Without a doubt, exercise is key to human health. Not only does it keep you fit, it also helps with mental and emotional health as well. But did you know that exercise is just as important for your pet’s health as it is for yours? Combining your exercise programs can be a fantastic way to get outdoors, breathe in some fresh air and spend a bit of time with your best buddy.
Dogs are the perfect workout buddies
Dogs are the perfect partners for a workout. For starters they’ll never tell you they’re too busy or not in the mood to exercise with you.
When it comes to your pet, exercise keeps them healthy, agile and limber. Just like exercise releases endorphins in humans, it also genuinely makes your dog happy. According to a recent survey, having a pet increases your likelihood of getting outside and getting physical. In fact, 93% of survey respondents said that their pet has had a major impact on their physical health.
It also helps with their weight control. Now no one likes talking about their weight, but an overweight pet just isn’t healthy. Not to mention it’s harder for pets to communicate when they’re not feeling well. Regular exercise will help them maintain a healthy weight. In the same vein, walking your dog helps with their digestive system.
Mentally, getting outdoors and regular walks help with your dog’s destructive nature (and let’s face it, they all have it). Let them run around and have something constructive to do; it’s almost guaranteed that you’ll see less chewing, digging and scratching when at home. It’s all about effectively stimulating and helping a dog get rid of their excess energy – so they won’t take it out on your pillows.
Regular exercise can also help with a timid pet as it helps build their confidence. As you walk, your pet will be exposed to different dogs, cats and humans as well as other animals, and with you in their sight, they’re more likely to feel at ease with their new surroundings.
Involving your dog in your exercise regime
Who says the only form of exercise you can do with your dog is walking? Besides from a long, brisk walk, there are several other exercises can you do with your pup.
Depending on how well trained your dog is, they can be a part of your calisthenics workout too. The following exercises are ideal if you have a large backyard or can utilize a nearby park.
- Sit ups – Starting in this position, hold your dog’s favorite fetch toy, lower yourself then raise yourself back to starting position. As you reach the start position, throw the toy for your dog to fetch and complete the sit up in time for them to bring it back to you.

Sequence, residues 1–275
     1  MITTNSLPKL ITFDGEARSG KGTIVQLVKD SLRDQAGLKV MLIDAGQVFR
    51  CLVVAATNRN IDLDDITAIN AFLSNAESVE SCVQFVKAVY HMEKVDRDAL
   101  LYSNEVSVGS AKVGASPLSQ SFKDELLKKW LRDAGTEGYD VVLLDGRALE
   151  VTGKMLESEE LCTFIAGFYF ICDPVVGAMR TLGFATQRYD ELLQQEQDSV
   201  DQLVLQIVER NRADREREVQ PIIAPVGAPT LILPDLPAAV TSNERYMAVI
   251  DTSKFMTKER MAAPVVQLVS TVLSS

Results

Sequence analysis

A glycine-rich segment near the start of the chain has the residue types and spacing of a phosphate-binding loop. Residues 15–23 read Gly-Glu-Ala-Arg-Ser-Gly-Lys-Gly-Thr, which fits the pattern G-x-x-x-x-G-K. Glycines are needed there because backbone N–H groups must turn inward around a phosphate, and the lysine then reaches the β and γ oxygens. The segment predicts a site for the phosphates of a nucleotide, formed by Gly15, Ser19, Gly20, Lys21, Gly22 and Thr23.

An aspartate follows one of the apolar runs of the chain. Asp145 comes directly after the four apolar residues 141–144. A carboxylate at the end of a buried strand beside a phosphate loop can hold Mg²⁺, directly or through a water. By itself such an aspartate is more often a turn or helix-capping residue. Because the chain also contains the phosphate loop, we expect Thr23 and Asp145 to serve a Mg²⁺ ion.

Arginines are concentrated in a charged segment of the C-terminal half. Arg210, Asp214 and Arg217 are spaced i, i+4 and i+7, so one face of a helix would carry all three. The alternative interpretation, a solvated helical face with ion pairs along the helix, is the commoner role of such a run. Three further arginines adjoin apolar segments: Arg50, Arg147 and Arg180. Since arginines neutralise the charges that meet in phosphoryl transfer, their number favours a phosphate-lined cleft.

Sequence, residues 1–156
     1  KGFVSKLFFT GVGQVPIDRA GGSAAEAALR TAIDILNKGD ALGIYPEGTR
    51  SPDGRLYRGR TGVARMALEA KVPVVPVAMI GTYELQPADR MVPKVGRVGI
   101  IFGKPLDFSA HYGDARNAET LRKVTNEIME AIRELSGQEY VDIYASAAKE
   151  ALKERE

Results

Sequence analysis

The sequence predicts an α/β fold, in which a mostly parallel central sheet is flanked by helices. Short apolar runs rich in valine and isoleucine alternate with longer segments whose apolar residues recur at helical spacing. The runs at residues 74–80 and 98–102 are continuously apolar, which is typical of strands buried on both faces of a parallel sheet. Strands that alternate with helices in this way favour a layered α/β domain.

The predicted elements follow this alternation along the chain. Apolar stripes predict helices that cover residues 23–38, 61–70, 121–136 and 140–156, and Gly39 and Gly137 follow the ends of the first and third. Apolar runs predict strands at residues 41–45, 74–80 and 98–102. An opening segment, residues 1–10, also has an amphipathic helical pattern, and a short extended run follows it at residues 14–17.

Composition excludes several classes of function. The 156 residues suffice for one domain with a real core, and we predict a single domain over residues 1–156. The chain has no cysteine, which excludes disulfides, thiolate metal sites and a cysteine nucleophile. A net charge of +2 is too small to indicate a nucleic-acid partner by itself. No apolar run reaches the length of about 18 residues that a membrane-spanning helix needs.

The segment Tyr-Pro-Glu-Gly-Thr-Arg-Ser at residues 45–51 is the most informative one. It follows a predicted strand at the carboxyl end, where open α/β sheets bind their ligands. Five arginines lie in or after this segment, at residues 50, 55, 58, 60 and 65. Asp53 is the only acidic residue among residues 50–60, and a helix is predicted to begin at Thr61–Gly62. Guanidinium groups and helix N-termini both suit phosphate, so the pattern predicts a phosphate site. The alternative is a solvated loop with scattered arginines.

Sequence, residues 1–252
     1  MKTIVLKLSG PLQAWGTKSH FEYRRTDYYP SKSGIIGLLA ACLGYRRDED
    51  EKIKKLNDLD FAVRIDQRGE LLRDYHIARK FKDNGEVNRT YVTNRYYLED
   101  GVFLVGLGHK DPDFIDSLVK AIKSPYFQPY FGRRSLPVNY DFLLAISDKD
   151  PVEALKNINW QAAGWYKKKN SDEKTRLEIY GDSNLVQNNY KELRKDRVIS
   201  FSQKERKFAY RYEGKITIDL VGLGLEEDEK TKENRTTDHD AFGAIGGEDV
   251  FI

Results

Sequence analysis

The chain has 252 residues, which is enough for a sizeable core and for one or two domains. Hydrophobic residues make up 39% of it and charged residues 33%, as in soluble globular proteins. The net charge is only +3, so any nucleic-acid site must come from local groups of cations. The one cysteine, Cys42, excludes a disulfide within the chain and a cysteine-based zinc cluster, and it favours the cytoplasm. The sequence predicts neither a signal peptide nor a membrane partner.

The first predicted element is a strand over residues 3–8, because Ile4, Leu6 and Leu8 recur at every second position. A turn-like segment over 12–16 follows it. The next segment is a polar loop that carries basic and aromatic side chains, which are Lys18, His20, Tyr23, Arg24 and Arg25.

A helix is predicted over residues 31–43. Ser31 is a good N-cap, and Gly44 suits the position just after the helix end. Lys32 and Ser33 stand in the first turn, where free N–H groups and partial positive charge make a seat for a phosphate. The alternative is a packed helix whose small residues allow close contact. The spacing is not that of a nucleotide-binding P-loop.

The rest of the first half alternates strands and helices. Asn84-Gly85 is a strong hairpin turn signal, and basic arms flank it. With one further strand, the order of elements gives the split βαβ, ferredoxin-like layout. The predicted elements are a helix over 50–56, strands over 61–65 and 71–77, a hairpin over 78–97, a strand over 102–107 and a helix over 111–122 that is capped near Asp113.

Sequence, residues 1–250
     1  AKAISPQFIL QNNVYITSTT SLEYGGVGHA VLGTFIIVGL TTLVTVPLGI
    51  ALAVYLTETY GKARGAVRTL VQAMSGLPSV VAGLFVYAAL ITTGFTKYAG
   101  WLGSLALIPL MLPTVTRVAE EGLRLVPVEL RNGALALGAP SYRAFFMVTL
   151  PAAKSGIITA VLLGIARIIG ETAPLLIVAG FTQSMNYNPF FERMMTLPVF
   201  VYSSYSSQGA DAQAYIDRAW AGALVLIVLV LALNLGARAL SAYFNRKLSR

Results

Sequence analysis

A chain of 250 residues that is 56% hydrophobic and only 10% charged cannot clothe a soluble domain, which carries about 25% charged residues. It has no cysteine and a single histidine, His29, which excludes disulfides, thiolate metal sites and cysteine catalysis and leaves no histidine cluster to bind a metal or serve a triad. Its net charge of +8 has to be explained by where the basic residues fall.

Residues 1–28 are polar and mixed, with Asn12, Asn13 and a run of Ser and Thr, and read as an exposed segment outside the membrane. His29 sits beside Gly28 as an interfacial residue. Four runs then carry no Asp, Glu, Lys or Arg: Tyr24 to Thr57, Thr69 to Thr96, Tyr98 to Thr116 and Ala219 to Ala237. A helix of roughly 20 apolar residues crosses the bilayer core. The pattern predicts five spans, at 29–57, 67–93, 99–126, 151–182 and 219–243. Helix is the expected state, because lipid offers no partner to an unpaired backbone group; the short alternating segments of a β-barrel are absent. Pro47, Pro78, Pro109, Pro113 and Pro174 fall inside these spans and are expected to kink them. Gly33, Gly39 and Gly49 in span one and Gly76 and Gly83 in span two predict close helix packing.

- Sprints – Using their preferred toy, throw it as you would playing fetch. But rather than letting your dog chase after it themselves, race them to see who can get the toy first.
- Stairs – Tackle a large staircase for a rewarding leg workout with your partner in crime while on their lead. Switch up your speed and stance to mix up your workout. Just make sure not to trip up your dog as you do it.
- Walking lunges – Throw the fetch toy in the direction you are lunging. Once your dog scampers off to retrieve the toy, begin your lunges. Have them drop the toy at your feet once they’ve retrieved it and repeat the process.
Other calisthenics exercises like dips, pull ups and push ups may be harder to include your dog in. However, every pooch is different in terms of their behavior and their training. If you find a way that works for the both of you and is safe to do, then go for it!
If you want to switch up the scenery for your workouts there are also some great off-the-beaten track options:
- Head out to the woods or nearby national park for a hike – just remember to check whether dogs are allowed and the rules around keeping him on leash.
- Head to the nearest dog-friendly beach and let your dog not only run amok on the sand, but also dive through the waves
Keep in mind that dogs get dehydrated too, so be wary of your dog’s limits. If they’re panting fast and having trouble keeping up with you then it’s time to call it a day and help them cool off with a bowl of water. Just as humans need to breathe while exercising, dogs also need appropriate oxygen flow to get the most out of their workout, so make sure they are exercising at a pace that allows them to breathe properly. Remember, an excitable dog can get tired easily if they’re not used to regular exercise.
Additionally, if your dog is overweight a high-intensity workout like those listed above won’t be good for them straight off the bat. Start them off with daily walks or go swimming together, as low impact exercises like these are great starting points for improving their fitness as well as your own.
Shay is a deep thinker, an avid lover of dogs and sucks at Goldeneye. Since he’s been able to put crayon to paper, there’s nothing Shayen has loved more than telling a good story. He enjoys inspiring readers on the subjects of healthy living, self-improvement and making a difference.
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